Layered Security: An Approach to Protecting Your People and Assets
By Tony Messerschmidt
Protecting people, assets, and facilities has become front and center for all types of organizations: hospitals, schools, government agencies, businesses, retail, and manufacturing facilities.
But when it comes to improving security, there are so many options to choose from – and so many places to start. Do you invest in surveillance? Access control? Intrusion detection? All three?
Here’s one smart way to approach it: Implementing layered security (protecting people and assets from the outside in) can be very beneficial.
How Layered Security Works
Starting at the perimeter of your property and working your way to the interior, there are opportunities to protect people and assets.
For example, at the edge of your property, your layered security could start by using:
- Fencing to establish property boundaries
- Barriers that restrict vehicle access
- Surveillance cameras to record movement and vehicles
- Intrusion detection to identify when someone tries to gain access into a protected area
Once someone approaches the building, the next layer of security could include:
- Card readers that authenticate and allow entry
- Additional surveillance cameras to track who’s entering and exiting
- Secured entrances that require authorized access
- Exterior lighting to eliminate dark or hard-to-see areas
- Video analytics to help you quickly review the video content you capture
- Intercoms at entrances that are capable of two-way communications
- Zoned intercom or paging systems to make audible announcements to people inside
Then, depending on your core business and how the interior of your building is set up, you may want to provide additional security in specific areas, such as classrooms, data centers, or birth suites. That last layer of security could include more:
- Card readers to prevent unauthorized access to specific rooms/suites
- Surveillance cameras to track who’s entering and exiting
- Intercoms with two-way communication options
The Importance of Assessing Risk
A risk assessment can help you identify the types of security-related threats you’re most likely to face, which will then help you tailor your layered security. To get started, ask yourself questions like:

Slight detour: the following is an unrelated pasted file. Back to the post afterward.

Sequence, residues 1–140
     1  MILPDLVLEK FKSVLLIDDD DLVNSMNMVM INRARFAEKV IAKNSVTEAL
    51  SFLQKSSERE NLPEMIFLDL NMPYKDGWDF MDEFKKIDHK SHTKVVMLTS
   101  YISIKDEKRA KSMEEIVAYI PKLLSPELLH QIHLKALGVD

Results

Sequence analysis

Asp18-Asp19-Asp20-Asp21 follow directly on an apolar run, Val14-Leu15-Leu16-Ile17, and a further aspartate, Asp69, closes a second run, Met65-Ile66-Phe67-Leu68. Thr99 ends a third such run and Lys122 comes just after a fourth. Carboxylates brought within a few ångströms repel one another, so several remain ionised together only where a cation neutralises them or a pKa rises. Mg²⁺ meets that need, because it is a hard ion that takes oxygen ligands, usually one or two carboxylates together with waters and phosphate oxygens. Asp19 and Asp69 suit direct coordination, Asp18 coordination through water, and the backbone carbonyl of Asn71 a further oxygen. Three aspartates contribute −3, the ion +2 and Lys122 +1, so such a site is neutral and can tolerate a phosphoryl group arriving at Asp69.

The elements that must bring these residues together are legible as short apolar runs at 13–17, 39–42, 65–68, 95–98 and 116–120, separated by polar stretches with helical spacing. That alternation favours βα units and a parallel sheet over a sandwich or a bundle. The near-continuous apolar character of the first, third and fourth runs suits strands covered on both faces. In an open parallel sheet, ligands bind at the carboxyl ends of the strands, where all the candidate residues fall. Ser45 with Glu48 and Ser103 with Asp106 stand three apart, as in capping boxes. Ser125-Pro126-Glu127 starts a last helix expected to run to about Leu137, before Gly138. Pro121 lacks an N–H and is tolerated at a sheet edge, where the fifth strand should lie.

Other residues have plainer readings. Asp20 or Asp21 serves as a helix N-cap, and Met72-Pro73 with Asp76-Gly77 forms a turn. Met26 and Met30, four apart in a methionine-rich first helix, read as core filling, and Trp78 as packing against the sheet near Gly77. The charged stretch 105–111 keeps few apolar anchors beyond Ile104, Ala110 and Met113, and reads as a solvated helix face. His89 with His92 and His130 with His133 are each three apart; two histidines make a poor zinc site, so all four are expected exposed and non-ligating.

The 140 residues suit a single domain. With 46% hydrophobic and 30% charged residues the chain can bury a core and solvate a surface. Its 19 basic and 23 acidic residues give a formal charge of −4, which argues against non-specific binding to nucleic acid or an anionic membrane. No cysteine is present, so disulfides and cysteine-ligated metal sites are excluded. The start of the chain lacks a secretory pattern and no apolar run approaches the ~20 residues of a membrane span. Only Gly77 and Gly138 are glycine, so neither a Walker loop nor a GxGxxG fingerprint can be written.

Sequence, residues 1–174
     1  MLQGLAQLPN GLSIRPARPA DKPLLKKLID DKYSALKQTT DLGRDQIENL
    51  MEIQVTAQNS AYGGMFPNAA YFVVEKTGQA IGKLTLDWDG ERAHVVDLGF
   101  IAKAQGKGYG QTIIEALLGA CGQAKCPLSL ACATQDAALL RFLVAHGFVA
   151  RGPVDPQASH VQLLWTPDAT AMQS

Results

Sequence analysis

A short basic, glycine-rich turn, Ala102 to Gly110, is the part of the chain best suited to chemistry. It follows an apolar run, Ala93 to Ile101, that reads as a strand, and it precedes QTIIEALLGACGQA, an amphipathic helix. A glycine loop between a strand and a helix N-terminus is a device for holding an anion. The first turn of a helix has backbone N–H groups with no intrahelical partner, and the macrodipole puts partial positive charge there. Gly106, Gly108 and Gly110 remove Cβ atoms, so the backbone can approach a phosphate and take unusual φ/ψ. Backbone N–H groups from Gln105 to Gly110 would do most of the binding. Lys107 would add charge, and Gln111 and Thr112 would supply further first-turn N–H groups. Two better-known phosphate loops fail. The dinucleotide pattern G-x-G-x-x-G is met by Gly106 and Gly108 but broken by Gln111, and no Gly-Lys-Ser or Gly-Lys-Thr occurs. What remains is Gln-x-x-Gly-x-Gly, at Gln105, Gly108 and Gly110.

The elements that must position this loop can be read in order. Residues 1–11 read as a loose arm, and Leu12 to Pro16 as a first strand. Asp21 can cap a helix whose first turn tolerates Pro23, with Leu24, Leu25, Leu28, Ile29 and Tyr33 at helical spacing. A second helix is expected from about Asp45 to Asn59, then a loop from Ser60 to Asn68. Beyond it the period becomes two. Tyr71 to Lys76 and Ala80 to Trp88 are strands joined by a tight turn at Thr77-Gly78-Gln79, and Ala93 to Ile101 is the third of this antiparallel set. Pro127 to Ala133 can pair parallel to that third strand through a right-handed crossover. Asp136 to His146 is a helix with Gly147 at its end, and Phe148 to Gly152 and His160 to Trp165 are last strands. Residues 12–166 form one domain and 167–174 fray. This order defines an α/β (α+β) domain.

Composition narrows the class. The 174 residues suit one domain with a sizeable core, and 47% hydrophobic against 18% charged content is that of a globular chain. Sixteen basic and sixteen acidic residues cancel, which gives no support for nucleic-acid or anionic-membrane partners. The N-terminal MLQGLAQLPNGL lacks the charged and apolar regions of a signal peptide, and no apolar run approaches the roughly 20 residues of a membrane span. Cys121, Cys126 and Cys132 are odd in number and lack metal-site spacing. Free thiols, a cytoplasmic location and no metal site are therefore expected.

- How many entrances and exits does your facility have?
- Is your space shared with any other organizations?
- Do you have security policies in place – and do people follow them?
- Are visitors accompanied by a staff member?
- Does your building itself pose any inherent risks due to design or lack of maintenance?
Answering these questions will help you determine the types of threats you may face. From there, you can assess how likely you think each situation is – and the impact it would have if it did occur.
At the end of the day, layered security should be set up to deter access, delay access, detect access, and ultimately deny someone access to your people and assets.
Bandwidth Needs Intensify
In addition to more devices connecting to your network, there’s another factor that plays a role: the types of tasks being done on networks require more bandwidth than they used to.
People are no longer simply sending and receiving emails or attaching Word documents to share with colleagues. They’re capturing, storing, and sharing high-res images; streaming audio and video content (sometimes in real time); and even using web-based software to complete everyday tasks.
Training Employees to Achieve Better Security
Don’t forget to tap into your employees; they can serve as your organization’s eyes and ears. Creating a security mindset and providing education about the types of threats your organization may encounter – and how employees should respond – can truly make a difference.
Employees should also be encouraged to report anything concerning, whether it’s someone suspicious in the parking lot, a car that’s been idle on the street for too long, or a disgruntled employee who is behaving differently.
Improving your physical security through layered security can also improve your information security, too.
In some cases, preventing attackers from gaining entry can prevent them from accessing the data you don’t want them to have. Although we think of data breaches as happening via the network, they can also happen when unauthorized people gain access to employee computers or the IT area.
Embark can help you pinpoint where to begin when implementing layered security to protect people and assets. Questions? Send us a note!